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Old 04-24-2012, 01:54 AM   #50
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I think the idea should be do what you love...money will follow. Life is larger than just money, i think the more we focus on money the more stress we'll get. To me, life is like a monopoly game that I really enjoy playing. Money is just a part of the game. Have fun and enjoy the game called Life!
It's lovely to say "Do what you love and the money will follow" and indeed that is sometimes the case, but not always. Not everyone has the luxury to follow their interests. They may have pressing obligations (such as family) that dictate a more measured approach - and some interests are easier to make money from than others.

IMO, I think it's important to pay the bills and put something aside on a regular basis, as a first priority. If you can work on interests/passions etc in order to attempt to pay the bills that way, that's great (I did, but also did whatever it took to make money when I had to). There's nothing wrong with doing something you like or can tolerate (instead of love) for your work, and doing something you love in your spare time.

There are many ways to "enjoy the game called life". Each to his own.
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Old 04-24-2012, 09:16 AM   #51
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You can choose to define ER any way you wish, but beware that even the best job can get boring or repetitive or as others have said, a "dissatisfier" can emerge.

So best to save aggressively to become FI so that you have options. That way, you're prepared irrespective of your job satisfaction.
This is true. The point is, even if you continue to w*rk, just knowing you *can* walk away if they piss you off can do wonders for your mental health and make the j*b generally more tolerable. This is even more true if your bosses know you can walk away and they don't want you to leave.
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Old 05-07-2012, 05:37 PM   #52
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I definitely think the idea of doing something you love is what you should be doing regardless whether you're retired or not. Why do what you hate right? I'm a big fan of that but couldn't for the life of me figure out what I love to do and how to make money until I read that article op. I got the book too just to be sure and it's so awesome to finally know what freaking target to aim for! I have an idea for 2 businesses that can really take off. I say go for it, don't listen to the "safe" haters and live the life you really want. We need more Steve Jobs in this world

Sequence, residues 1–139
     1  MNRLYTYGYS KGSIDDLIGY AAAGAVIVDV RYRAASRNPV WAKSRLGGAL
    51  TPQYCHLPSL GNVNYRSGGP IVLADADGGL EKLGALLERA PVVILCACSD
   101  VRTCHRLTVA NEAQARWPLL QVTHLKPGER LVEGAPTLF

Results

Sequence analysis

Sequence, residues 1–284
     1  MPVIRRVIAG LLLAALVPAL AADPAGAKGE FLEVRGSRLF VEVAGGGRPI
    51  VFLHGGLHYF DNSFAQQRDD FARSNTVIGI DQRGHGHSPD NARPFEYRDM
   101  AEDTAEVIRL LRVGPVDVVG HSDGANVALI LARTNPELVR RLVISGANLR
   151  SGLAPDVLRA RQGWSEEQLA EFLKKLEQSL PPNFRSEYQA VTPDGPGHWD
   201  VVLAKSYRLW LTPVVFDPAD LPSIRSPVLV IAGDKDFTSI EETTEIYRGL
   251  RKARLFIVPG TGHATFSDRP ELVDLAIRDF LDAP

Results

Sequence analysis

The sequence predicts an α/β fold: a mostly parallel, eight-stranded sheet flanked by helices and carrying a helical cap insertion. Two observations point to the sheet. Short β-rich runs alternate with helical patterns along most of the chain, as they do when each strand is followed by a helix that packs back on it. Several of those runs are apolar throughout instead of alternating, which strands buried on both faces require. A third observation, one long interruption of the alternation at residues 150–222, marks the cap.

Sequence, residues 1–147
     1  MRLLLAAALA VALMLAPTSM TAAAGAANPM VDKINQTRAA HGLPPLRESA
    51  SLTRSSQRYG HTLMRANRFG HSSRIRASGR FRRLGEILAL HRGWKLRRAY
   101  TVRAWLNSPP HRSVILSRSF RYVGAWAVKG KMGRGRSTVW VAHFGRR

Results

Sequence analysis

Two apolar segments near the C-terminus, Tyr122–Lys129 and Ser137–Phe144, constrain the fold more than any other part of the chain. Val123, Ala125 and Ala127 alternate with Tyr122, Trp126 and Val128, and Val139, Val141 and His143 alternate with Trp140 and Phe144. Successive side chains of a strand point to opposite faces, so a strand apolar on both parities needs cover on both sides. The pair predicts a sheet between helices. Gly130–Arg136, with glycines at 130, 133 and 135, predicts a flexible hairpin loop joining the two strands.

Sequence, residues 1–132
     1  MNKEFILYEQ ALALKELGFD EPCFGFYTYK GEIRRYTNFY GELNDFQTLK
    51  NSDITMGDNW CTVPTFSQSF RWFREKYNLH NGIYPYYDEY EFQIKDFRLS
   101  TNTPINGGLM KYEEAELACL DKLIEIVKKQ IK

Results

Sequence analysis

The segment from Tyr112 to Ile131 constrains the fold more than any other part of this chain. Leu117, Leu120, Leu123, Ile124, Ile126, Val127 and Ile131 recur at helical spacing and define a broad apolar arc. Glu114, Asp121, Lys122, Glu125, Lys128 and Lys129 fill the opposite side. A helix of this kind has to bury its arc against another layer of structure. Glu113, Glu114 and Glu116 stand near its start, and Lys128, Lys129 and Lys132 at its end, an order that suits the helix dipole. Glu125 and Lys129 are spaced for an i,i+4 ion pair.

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Old 05-07-2012, 05:43 PM   #53
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I can choose to believe that my desk has wings and I can fly it to the moon. Doesn't make it so.
Didn't people in the 60s believe metal had wings and they could fly it to the moon?
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Old 05-09-2012, 07:53 PM   #54
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This is true. The point is, even if you continue to w*rk, just knowing you *can* walk away if they piss you off can do wonders for your mental health and make the j*b generally more tolerable. This is even more true if your bosses know you can walk away and they don't want you to leave.
Ahhhh! That's an awesome idea. Never thought about that. It's like you're saving "I quit and I'll be worry free" money. Nice
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Old 05-09-2012, 08:29 PM   #55
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This is true. The point is, even if you continue to w*rk, just knowing you *can* walk away if they piss you off can do wonders for your mental health and make the j*b generally more tolerable. This is even more true if your bosses know you can walk away and they don't want you to leave.
OTOH being FI also tends to reduce your tolerance for the BS...
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Old 05-10-2012, 04:37 AM   #56
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There are many ways to "enjoy the game called life". Each to his own.
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Old 05-10-2012, 07:40 AM   #57
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My take? If you are one of the 1%ers (no, not the super-wealthy) -- among the ranks of those who truly love their work and can do it more or less on their own terms -- then yes, making a living by doing "work" you love can feel like retirement.

It's never going to be a reality for "the 99%", though. The overwhelming majority of folks are never going to realistically be in a position to love their work in this way. Those who do, who can do it largely on their own terms and who would keep doing it even if they didn't need ANY income from it, are among the most blessed people I can imagine.
This correctly frames the scenerio IMHO. The 1% is the dream.
Having said that, is it wrong to put down the dreamers?

Dreamers accomplish many great things. Einstein would have sold insurance for a living if he listened to our advice. "God doesn't play dice..."